I cannot remember the first time I noticed it with exact dates or times. I only remember that he was very, very small. Newborns do not focus their eyes well, but babies start to. Toddlers assuredly do so even better, yet somehow, J’s right eye was always seeming to turn inwards. It was typical of me though to constantly question myself. Was that really happening? Was it something to be concerned about? Growing up with a lazy eye myself was on my mind, so I kept watch on it.

Last year, it grew more obvious. He was definitely dealing with something in terms of his vision. The strangest part was this child has never missed a beat in terms of picking up on visual stimuli in his environment. An issue that truly affected his sight to any measurable level was not the first thing that came to mind, strangely enough. He was and is a very visually stimulated child. The journey began to figure out why this one eye decides to do its own thing.

Our first visit to an ophthalmologist was horrifyingly bad.  The woman advertised herself as working with young children and people with disabilities. She claimed to be a developmental ophthalmologist too. This should have uniquely qualified her as someone able to work with a kid like J.

Nope. Nope. Nope. Nope.

She was a nightmare. She was impatient with him, he could not settle in her office and I spent the entire appointment chasing him around to try to settle him while she complained about his lack of cooperation. I’m sorry, but when you’re about as personable as a cactus you’re going to get what you give. She charged us a stupid amount of money for the privilege of learning nothing we needed to know. I was angry and discouraged.

Then we went to the pediatric ophthalmology department at Floating Hospital. This was a whole new world! The techs that work there have a truly golden touch. Our first visit was not perfect but it was good enough that the doctor could see that there was something there, something to be kept watch over and something to try for better assessment of in the future. She did not dismiss us nor did she push J so hard he was in hysterics by the time we left. She worked with him, not against him, his best interest firmly at heart.

That first visit was in December. We were newly home with Brooklyn so her place by his side was not as solidified. She was there for him at the appointment but it wasn’t what it could be. Flash forward to late April…

Perfection. Absolute perfection.

J walked into the office without a fuss. He attended to what the doctor asked him to do, no coaxing from me. I assisted with directing him to reading the board across the room but little more than that. She got an excellent read on what exactly he could and could not see, plus what his vision needed. This visit the crossing of his eyes was very, very clear to her as well. Brooklyn stayed nearby and kept a watchful eye over her most calm of boys. He struggled having his eyes dilated but that was expected. Once the drops were in, his good humor returned and he did just such an impressive job with the rest of the visit.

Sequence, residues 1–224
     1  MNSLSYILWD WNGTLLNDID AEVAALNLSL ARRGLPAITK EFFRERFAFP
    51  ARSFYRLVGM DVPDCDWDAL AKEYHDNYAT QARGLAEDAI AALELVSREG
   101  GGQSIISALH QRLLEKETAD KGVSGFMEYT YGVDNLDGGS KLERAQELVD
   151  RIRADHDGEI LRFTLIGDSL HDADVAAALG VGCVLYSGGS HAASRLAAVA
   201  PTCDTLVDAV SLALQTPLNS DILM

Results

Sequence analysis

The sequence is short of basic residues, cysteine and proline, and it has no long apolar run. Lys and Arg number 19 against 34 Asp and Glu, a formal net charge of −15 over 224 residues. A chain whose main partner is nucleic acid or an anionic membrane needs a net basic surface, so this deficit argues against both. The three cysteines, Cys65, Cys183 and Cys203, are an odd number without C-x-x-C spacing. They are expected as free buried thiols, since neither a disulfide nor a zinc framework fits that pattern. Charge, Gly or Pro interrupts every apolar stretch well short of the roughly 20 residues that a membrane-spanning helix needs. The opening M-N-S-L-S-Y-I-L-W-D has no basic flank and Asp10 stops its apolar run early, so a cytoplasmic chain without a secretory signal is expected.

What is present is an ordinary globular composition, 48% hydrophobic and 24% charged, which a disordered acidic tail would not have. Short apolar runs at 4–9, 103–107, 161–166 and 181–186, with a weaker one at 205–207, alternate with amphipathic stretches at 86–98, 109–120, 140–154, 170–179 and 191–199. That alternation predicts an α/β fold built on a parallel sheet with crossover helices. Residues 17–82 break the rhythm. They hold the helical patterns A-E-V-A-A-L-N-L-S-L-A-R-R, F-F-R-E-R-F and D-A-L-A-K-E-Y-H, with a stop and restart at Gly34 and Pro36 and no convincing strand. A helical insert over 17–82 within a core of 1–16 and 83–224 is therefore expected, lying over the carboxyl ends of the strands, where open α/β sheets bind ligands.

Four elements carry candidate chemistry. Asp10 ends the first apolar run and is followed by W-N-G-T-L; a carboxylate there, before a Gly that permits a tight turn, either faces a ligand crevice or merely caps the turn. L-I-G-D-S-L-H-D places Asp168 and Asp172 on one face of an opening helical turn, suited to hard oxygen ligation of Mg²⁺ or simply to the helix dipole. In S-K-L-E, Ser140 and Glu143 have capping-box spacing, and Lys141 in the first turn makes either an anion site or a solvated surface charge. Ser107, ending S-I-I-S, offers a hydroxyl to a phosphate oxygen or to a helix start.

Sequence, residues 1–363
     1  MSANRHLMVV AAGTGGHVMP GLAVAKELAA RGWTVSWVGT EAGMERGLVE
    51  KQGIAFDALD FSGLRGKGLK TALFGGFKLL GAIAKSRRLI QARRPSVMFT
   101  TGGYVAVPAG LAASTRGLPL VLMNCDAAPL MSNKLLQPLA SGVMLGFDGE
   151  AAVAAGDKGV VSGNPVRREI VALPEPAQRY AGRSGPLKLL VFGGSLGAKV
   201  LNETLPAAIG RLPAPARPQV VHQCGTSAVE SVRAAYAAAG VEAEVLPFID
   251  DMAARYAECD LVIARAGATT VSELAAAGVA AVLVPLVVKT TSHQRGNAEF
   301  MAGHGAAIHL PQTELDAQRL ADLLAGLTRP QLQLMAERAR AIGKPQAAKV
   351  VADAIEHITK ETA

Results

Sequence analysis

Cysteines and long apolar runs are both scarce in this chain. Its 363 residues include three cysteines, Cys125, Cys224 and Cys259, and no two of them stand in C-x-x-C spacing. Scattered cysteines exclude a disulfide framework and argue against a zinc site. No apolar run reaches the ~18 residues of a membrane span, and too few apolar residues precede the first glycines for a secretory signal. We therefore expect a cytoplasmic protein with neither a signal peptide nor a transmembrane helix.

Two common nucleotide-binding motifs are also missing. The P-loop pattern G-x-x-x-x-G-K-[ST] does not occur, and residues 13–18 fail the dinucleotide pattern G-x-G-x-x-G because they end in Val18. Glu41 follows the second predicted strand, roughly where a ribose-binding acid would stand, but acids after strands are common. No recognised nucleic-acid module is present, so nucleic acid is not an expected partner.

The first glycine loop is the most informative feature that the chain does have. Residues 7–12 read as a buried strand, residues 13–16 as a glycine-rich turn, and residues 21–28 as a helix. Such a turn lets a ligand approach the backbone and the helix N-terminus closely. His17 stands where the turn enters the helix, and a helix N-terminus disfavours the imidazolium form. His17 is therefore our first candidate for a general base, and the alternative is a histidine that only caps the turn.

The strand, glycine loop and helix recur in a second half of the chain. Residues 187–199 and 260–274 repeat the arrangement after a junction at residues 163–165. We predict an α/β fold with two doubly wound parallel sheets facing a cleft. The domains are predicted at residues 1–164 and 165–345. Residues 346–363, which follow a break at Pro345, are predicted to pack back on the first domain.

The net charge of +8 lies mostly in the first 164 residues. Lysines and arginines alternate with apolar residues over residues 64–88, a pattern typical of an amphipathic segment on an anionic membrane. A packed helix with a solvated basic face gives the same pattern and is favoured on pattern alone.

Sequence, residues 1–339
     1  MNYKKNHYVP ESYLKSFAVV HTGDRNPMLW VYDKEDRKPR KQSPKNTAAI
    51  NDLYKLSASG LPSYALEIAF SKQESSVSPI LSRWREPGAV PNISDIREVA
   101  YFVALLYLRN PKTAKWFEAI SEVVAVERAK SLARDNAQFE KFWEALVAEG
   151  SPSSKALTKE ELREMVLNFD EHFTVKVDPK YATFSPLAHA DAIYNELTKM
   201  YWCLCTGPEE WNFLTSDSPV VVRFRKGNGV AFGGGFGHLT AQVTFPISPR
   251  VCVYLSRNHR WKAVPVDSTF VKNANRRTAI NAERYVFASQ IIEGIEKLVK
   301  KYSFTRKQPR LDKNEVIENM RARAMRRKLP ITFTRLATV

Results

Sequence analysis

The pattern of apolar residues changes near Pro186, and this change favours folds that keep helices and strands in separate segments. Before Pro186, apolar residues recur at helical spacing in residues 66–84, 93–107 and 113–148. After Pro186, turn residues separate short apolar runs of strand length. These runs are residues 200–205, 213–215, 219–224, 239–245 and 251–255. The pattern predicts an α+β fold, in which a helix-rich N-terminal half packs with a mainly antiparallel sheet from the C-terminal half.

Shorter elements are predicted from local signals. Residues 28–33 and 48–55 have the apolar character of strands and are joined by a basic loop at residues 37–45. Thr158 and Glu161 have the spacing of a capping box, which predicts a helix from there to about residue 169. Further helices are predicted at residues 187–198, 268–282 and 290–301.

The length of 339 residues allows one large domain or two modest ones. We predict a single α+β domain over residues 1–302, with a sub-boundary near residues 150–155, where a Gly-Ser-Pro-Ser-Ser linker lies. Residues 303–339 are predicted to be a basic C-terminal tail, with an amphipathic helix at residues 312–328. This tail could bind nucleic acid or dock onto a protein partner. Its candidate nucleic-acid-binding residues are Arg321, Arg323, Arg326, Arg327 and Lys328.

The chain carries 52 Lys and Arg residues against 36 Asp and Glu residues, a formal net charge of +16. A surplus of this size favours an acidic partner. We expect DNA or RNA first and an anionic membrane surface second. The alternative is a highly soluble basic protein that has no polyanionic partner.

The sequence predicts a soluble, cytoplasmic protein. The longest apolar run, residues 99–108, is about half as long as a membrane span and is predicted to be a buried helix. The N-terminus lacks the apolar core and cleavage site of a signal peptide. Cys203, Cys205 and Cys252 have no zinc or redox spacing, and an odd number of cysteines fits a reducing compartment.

two pictures together

I cannot even get over the cute here folks.

Trying on glasses was a hardship but he did it. He now sports some dark blue Miraflex glasses that can withstand his level of activity and just general J being J. He has taken to wearing them much, much better than we all expected too. The entire team (doctor, therapists, family) had a plan in place with a back up plan for that plan if he rejected the glasses. They have not been needed yet. He has truly, truly impressed all of us.

The amazing thing is hearing him speak even more about what he sees. Let me tell you, he sees everything and is fascinated by it. Most parents enjoy their children detailing the world as they see it at a younger age… I am so excited to be hearing it now. Car! Truck! Bird! Helicopter! Clouds! … His observations are quick and cheerful. He loves the world around him, so very much.

And every dog is Brookie.

It’s another new little chapter in our great adventure of life adding glasses to his world. He is adapting, he is growing and he is continuing on his own amazing course. It is not always easy but it is the successes that come, like this one, that make any pitfalls seem so very small.

What He Needs to Be Fair

Here I go again, off on a tear about who knows what, right? But hear me out, I beg you.

We have had a run recently of negativity within our home community. It is kind of stunning, honestly. This negativity was never felt during the period where Brooklyn was actually ill and struggling with a few things in public, it’s come during a time where Brooklyn has been on point when working. She has been docile, attentive, friendly and keyed into her tasks. She’s been a joy to work with and a wonder to have in our lives, especially as we watch her and J continue to grow their bond.

But then it starts. The stares. The derisive behaviors. The active detractors who figure that this is something bonus; something extra that J gets just like all his special education services and he’s cheating other people by doing it. They show up with their unruly pets, their bad attitudes and their harsh judgements of our situation. The weather has warmed now, at long last, and with it we have returned to our routine of having some playground time after school. This is very important to J, and Brooklyn is right there with us. She sits watching him and his classmates play, minding where they all go and bothering exactly no one but the people who are pointedly determined to be bothered by her presence.

This is my attempt to educate. I know there are some people who are just so hard-hearted and misguided that this will never get through but I want to always know that I have tried, and tried my best.